I'm building a coffee table out of a live edge walnut slab. It's about 5'x30"x1.125"

For the legs I've made some blue-stain ponderosa blocks, 18"x15"x2.25"

Any suggestions on how to join the legs to the table. I was about to cut tenons on the legs. But given the thickness of the top, I'm not sure the length I can achieve - maybe 1/2" - will be worthwhile. But it would increase the glued surface area significantly.

There will be an arched piece of steel tying things together on each side as well.

Ideas?slab and leg

  • 2
    Stub tenons could be fine, but with that wild grain you don't know what kind of movement you're going to get so I would have concerns about stresses building up. You can join a top to legs/leg assemblies without any actual joinery — pegs, tabletop fasteners, figure-8 fasteners, traditional buttons, they all work and every one has the advantage that you can detach the top if need be rather than making the table one monolithic structure that forever has to be moved as one. Even without the steel truss this is going to be significantly heavy, right? – Graphus Apr 23 '19 at 5:28
  • Unrelated to what you've asked about I just noticed the orientation of the clamps in your image, have you attached what are now commonly called breadboard ends to each end of the slab? – Graphus Apr 23 '19 at 5:31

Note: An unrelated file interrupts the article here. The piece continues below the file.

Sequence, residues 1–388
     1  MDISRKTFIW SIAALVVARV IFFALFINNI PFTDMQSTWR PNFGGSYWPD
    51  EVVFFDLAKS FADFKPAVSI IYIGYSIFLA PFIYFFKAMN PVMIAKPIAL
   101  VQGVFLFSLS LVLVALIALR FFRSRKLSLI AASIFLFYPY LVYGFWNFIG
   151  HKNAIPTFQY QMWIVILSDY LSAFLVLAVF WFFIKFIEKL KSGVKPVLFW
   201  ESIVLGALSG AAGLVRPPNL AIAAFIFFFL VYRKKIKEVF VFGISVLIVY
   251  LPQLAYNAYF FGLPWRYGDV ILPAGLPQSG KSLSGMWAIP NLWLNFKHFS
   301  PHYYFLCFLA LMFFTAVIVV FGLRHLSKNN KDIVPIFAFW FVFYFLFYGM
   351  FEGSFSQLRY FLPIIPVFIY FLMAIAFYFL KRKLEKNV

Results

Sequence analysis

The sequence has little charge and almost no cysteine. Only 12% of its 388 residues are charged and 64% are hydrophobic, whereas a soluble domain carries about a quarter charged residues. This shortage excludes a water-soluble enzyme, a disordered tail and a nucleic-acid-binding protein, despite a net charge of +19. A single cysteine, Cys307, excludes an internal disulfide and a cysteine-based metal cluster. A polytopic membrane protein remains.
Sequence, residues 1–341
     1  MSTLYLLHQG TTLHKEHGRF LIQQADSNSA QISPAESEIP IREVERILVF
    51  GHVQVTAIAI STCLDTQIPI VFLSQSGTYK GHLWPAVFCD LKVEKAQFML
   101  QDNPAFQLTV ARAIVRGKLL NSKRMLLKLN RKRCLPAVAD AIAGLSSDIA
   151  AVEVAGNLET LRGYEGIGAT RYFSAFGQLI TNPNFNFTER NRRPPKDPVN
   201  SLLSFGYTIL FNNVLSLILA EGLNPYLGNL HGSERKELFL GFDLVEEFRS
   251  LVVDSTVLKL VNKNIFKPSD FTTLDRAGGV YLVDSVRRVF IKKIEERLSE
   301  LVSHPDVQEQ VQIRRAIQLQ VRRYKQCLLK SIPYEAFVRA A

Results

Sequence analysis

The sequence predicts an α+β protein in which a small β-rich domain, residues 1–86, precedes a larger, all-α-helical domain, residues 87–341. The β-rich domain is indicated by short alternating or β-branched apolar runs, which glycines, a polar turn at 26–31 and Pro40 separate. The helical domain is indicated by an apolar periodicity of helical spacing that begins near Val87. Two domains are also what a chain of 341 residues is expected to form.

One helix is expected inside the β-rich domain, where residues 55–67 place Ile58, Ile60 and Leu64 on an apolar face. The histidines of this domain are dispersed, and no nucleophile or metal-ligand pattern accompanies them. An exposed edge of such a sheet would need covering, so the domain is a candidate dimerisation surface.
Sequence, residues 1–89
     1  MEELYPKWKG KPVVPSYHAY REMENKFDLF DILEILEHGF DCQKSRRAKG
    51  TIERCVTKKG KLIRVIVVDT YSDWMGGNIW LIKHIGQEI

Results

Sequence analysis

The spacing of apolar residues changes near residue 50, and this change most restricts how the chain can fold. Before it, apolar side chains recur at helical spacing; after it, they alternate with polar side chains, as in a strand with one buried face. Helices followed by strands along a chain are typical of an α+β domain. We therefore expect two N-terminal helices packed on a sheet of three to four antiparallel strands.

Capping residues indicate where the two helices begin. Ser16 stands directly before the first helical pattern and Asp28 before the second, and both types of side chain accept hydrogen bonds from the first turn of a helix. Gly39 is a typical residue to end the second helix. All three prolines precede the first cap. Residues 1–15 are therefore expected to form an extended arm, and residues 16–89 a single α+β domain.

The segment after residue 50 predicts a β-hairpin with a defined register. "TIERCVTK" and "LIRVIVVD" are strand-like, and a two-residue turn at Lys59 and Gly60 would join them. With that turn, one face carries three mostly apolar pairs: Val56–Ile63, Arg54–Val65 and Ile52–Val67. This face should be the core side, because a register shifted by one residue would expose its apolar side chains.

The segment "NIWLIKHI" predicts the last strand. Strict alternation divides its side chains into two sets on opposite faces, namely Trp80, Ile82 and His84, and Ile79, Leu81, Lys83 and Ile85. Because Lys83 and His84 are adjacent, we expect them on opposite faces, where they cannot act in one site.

• Yes, I put ends on it. One end has a significant crack on the bottom that I'm hoping to control. And I didn't think the slab was thick enough for a big end grain edge to look good. This was a thicker slab that I had re-sawn to make book-matched pieces. – CoAstroGeek Apr 23 '19 at 13:18
  • I'll take a look at some of the things you mentioned. It's going to be heavy, but I don't think absurdly heavy that I'd want to be able to disassemble it. – CoAstroGeek Apr 23 '19 at 13:19

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